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Curt Schilling has badmouthed Jose Canseco for squealing on baseball's cheaters. But now, in the wake of Sports Illustrated reporting that Yankees third baseman Alex Rodriguez tested positive for steroids in 2003, Schilling wants everybody who tested positive that year to be identified.
"I'd be all for the 104 positives being named, and the game moving on if that is at all possible,” the outspoken pitcher wrote on his 38pitches.com blog. "In my opinion, if you don't do that, then the other 600-700 players are going to be guilty by association, forever."
What changed Schilling's mind? He's been known to do that from time to time. Perhaps the best example was in a SI story in 2002 where Schilling said he knew "plenty of guys" using steroids and claimed of rampant steroid use in baseball and said he knew "plenty of guys" mixing steroids with human growth hormone.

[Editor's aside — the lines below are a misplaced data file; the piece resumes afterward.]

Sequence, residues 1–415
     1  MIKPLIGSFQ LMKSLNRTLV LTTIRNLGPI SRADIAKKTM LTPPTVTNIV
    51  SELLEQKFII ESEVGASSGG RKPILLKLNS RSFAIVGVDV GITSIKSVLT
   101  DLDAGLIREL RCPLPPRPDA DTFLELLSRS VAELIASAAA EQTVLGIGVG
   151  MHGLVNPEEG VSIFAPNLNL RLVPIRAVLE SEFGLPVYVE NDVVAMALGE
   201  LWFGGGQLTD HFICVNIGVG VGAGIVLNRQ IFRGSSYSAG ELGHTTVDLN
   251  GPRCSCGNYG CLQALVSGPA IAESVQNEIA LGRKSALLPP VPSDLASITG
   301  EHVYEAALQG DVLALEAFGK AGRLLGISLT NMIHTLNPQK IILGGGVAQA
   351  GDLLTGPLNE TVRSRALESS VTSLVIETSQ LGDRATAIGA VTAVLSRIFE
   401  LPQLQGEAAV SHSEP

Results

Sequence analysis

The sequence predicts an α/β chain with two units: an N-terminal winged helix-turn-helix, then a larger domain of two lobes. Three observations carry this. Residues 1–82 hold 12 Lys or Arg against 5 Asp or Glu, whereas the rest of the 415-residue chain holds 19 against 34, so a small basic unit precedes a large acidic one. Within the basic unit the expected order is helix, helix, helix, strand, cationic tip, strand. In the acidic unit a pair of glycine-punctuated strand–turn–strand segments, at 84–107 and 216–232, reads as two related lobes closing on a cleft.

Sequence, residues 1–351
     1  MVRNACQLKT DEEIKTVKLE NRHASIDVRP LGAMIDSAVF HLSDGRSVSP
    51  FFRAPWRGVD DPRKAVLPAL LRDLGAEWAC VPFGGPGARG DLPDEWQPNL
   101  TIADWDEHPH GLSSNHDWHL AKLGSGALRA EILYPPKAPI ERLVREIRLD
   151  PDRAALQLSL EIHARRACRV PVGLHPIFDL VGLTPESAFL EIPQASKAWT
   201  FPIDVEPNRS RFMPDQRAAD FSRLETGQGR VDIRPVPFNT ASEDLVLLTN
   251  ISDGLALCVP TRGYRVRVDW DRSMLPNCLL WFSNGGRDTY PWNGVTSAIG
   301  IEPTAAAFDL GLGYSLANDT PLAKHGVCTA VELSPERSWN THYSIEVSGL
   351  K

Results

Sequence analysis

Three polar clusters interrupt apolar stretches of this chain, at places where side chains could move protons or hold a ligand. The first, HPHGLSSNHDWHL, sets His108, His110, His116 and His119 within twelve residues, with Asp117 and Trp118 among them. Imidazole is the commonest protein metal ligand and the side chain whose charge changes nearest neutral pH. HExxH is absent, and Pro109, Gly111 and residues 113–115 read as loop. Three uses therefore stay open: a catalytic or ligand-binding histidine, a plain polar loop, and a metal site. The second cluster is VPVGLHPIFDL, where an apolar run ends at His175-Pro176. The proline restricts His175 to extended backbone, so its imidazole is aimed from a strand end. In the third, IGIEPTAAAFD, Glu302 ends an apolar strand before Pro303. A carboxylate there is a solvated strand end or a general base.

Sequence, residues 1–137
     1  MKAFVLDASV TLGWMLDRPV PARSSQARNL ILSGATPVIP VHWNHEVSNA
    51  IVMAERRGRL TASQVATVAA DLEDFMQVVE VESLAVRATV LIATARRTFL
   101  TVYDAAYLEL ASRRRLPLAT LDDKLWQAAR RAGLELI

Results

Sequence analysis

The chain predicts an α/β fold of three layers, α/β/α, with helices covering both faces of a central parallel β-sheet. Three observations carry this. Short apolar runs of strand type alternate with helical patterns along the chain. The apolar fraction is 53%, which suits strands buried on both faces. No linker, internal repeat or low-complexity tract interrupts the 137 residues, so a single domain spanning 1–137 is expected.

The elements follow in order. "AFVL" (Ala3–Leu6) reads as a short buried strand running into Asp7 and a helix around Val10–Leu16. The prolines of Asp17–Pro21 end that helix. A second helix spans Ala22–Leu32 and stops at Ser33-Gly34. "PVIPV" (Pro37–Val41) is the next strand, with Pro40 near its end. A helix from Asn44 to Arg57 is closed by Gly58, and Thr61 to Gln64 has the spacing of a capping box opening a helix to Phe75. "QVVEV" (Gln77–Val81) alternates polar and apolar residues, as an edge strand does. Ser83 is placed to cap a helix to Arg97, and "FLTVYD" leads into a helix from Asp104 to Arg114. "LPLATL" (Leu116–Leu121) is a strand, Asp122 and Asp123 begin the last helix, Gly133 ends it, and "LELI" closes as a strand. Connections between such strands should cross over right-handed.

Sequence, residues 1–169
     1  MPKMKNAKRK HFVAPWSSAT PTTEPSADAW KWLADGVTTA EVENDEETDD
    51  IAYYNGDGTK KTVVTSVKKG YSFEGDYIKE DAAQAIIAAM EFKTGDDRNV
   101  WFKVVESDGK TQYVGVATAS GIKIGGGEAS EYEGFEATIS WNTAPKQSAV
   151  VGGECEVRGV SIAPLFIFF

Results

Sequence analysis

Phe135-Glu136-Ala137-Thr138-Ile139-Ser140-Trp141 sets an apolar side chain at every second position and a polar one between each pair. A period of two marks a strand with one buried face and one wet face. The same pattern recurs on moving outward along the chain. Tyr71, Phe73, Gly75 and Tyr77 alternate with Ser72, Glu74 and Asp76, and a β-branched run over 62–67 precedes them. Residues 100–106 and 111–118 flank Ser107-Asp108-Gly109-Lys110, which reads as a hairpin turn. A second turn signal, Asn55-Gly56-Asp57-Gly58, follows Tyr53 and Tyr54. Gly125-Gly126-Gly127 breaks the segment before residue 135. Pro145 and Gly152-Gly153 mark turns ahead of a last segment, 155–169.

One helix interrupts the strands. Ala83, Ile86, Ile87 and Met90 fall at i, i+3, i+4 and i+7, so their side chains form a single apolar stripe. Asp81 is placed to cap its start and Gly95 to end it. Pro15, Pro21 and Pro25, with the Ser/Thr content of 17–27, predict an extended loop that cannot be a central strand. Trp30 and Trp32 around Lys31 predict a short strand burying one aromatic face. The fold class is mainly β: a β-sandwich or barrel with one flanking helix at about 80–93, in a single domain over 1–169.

But as he sat in front of Congress in March of 2005, Schilling backed off that statement by claiming he "grossly overstated" the problem and went so far as to call Canseco a liar.
In hindsight, Schilling didn't overstate it and Canseco didn't lie. Schilling just didn't want to agree with a guy selling out players to sell a book -- truth be damned. As it turned out, the guy sitting next to Schilling, Rafael Palmeiro, was the liar. But Schilling wants the truth to be told.
"And before anyone asks, I'll make it clear: My name will not appear on any lists of positive tests," Schilling wrote on his blog. "I've never tested positive for steroids or HGH, and I've never taken steroids or HGH in my life, ever. You don't need to call the union, or an agent to verify that."
Schilling might be a know-it-all, but he's no cheater.